FIVE TIPS FOR A HEALTHY BRAIN

Lauren Zimet

Lauren Zimet explains the principles of brain health to a youngster.

Everyone is born with about 100 billion brain cells. You may know that we form new synapses or connections between these cells throughout life, but did you know that your experiences and your nutrition contribute to these connections and the overall health of your brain?

With the Jewish New Year fast approaching, what better time than now to take a moment and reflect on what you can do to take better care of your (and your child’s) brain?

Here are five tips to help enhance brain health:

  1. Eat a rainbow:

    It’s no secret that the benefits of fresh fruits and vegetables are numerous; eating a colorful array of fruits and veggies each day provides antioxidants, vitamins and minerals needed to nourish and protect your brain. These are the healthy colors (also known as phytonutrients) created by Hashem.

    If your children are resistant to eating produce, plan a shopping trip together so they can select something new to try. Then let them help wash, platter and prepare – children are more likely to eat something they’ve helped make!

    Having a rainbow at the Shabbos dinner table can become a brain-healthy tradition for years to come.

  2. Eat omega-3 brain food:

    Omega-3 fatty acids are critical for brain development and nourishment and are needed for optimal overall health. While fish, nuts and seaweed are good omega-3 sources, kids (as well as some adults) typically don’t gobble down these foods.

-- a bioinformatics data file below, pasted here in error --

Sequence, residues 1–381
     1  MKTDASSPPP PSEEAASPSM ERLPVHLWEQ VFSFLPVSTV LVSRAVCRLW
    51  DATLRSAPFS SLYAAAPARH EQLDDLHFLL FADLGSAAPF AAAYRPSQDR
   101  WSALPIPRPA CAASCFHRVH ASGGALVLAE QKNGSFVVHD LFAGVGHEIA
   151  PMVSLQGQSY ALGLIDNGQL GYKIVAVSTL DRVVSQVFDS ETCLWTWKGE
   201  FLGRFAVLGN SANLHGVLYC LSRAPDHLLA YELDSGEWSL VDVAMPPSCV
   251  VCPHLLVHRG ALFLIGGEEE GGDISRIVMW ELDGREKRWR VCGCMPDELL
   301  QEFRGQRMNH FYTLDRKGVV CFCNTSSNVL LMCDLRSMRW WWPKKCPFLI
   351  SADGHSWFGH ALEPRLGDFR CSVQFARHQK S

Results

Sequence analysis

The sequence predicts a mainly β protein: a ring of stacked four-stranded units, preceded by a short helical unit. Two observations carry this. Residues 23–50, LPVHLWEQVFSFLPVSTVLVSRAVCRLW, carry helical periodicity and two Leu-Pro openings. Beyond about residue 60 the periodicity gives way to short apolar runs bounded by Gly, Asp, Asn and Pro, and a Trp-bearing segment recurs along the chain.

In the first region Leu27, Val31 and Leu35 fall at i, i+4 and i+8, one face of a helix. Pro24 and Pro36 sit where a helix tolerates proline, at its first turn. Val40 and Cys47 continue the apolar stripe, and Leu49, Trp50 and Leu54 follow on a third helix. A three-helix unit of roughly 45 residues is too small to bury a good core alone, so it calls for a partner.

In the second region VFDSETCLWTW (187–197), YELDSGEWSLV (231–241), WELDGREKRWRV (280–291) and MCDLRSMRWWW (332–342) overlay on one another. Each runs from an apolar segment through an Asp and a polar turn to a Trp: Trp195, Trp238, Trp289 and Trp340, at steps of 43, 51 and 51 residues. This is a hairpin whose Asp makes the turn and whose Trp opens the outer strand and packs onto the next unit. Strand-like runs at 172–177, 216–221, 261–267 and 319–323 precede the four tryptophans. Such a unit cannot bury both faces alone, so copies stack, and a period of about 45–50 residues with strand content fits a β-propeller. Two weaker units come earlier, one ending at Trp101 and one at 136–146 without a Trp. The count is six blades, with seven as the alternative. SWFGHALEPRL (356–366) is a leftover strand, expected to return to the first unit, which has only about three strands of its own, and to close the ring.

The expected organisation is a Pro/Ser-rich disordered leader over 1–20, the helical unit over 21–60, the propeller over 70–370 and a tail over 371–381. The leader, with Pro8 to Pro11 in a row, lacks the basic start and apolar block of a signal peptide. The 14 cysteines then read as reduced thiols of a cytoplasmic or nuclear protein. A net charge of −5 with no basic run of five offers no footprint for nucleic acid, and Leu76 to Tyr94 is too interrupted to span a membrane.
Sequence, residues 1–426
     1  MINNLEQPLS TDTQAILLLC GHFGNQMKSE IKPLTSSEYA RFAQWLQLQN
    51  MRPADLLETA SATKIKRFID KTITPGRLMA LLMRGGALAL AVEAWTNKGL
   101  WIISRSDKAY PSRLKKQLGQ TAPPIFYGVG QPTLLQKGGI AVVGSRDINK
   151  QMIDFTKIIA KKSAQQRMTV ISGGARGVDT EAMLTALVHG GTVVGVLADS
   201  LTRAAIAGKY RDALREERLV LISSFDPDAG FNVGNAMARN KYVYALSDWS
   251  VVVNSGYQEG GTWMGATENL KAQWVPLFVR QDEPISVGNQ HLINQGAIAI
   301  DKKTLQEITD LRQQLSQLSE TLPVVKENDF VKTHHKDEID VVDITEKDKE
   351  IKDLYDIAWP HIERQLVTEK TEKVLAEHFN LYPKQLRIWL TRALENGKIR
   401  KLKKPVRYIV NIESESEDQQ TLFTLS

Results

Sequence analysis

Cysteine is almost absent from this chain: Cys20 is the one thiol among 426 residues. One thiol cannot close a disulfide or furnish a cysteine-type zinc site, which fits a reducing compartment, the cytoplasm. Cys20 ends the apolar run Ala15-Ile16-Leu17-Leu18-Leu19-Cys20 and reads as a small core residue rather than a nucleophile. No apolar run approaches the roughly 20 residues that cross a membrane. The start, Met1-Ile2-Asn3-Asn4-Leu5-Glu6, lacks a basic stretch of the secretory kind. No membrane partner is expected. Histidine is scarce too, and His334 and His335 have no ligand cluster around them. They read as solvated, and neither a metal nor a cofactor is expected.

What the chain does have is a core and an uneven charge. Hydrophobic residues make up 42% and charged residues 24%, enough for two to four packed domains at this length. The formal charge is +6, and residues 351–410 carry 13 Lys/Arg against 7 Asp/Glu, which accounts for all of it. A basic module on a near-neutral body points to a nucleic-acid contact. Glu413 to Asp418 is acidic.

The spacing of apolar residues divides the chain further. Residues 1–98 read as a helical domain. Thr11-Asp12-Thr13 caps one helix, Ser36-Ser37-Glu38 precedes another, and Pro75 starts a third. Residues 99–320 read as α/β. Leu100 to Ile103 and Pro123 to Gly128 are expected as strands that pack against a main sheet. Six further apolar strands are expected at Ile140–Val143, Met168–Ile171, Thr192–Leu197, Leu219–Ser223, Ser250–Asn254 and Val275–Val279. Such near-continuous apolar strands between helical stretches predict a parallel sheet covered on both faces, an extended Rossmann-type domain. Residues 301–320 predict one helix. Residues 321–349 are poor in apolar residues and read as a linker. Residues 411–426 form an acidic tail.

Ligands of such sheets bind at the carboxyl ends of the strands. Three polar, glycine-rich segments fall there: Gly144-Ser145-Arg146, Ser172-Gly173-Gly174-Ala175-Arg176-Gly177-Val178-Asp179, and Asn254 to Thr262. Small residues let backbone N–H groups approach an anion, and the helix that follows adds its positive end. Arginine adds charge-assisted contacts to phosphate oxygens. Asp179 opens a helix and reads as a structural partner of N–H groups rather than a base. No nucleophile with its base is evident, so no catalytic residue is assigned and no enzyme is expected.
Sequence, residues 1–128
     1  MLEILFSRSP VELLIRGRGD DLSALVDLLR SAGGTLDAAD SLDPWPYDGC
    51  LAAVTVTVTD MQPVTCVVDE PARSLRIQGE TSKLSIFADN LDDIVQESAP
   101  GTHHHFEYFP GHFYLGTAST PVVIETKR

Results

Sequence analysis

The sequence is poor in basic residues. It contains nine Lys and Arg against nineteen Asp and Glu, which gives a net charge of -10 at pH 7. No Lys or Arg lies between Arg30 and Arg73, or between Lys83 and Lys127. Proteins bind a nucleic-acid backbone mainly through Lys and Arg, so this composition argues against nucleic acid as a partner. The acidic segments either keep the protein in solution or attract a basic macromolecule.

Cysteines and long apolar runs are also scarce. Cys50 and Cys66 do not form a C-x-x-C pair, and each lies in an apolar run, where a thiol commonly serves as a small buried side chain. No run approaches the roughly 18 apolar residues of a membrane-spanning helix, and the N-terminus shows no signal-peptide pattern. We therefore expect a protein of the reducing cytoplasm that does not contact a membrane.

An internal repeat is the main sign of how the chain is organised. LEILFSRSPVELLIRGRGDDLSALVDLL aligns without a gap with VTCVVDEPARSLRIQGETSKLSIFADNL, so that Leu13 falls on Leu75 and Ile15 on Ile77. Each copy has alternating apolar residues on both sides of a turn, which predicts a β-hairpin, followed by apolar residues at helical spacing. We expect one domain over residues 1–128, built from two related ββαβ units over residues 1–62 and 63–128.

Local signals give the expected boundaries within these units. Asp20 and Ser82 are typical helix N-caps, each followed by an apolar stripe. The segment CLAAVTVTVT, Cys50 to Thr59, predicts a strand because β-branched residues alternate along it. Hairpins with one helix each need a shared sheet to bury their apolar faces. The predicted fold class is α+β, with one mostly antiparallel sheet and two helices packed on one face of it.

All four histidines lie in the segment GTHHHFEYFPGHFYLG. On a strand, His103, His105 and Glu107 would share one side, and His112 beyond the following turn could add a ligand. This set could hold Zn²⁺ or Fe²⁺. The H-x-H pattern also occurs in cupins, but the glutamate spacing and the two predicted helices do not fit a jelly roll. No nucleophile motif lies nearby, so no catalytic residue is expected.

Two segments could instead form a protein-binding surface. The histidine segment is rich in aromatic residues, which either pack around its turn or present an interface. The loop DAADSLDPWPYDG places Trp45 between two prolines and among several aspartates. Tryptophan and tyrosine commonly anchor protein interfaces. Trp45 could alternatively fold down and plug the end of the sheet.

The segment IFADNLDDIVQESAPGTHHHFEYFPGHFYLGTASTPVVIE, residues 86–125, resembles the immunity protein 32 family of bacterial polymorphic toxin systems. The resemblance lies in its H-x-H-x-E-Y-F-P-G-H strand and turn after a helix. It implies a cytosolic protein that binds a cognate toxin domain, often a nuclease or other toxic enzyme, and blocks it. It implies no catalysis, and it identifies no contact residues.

Experts agree that the safest, most reliable source of these important fatty acids (EPA and DHA) is a high-quality fish oil supplement. Fortunately, there are purified, molecularly distilled fish oils that are available for infants, children and adults.

  3. Happy brains are hydrated brains:

    Drinking water can increase mental and physical performance, remove toxins from the body and keep skin radiant and healthy.

    Today, most nutritionists agree that we need more water in our daily diets. To estimate how many ounces of water you should drink daily, divide your weight in half and aim for that number of ounces per day.

  4. Move and groove, and relax the right way on Shabbos:

    `While it’s true that exercise boosts brain power by providing increased oxygen to the brain, it’s also important to relax.

    Balancing activity with relaxation is important for adults and children. Teaching children early on the benefit of setting goals, working towards those goals and giving their brain and body time to relax are important life skills.

    When it’s time to relax, turn off the TV and teach your child that taking a walk in nature (or even just around the block), reading a book or drawing are great ways to unwind. Deep breathing is also an excellent practice to teach children of all ages.

    Maybe another new Shabbos activity can be quiet time for deep breathing, yoga or just a mindfulness moment that families share together.

  5. Think positive…be a problem solver, not a complainer:

    What we put out into the world has a great effect on what we get back; your thoughts directly influence your life. Reflecting on our own thoughts and teaching children to reflect on theirs is a powerful life skill.

    Your brain is your thought-maker…when you make a mistake, ask your brain to make a “Band-Aid” thought, learn from the mistake and then move on. We can all benefit from slowing down. Take a deep breath.

    The things we think over and over again gain more power each time they are thought, heard or believed. So, as we approach the Jewish New Year, why not bring more positive thoughts, visions and brain-healthy habits into mind and practice?

Wishing everyone a happy and brain healthy new year!

Editor’s note: Lauren Zimet, CCC/SLP is the founder and co-director of The Healthy Foundations Program – facilitating brain health, nutrition education, self-regulation and social thinking to children of all ages and abilities. For more info, call (404) 944-9561.

By Lauren Zimet
For The Atlanta Jewish Times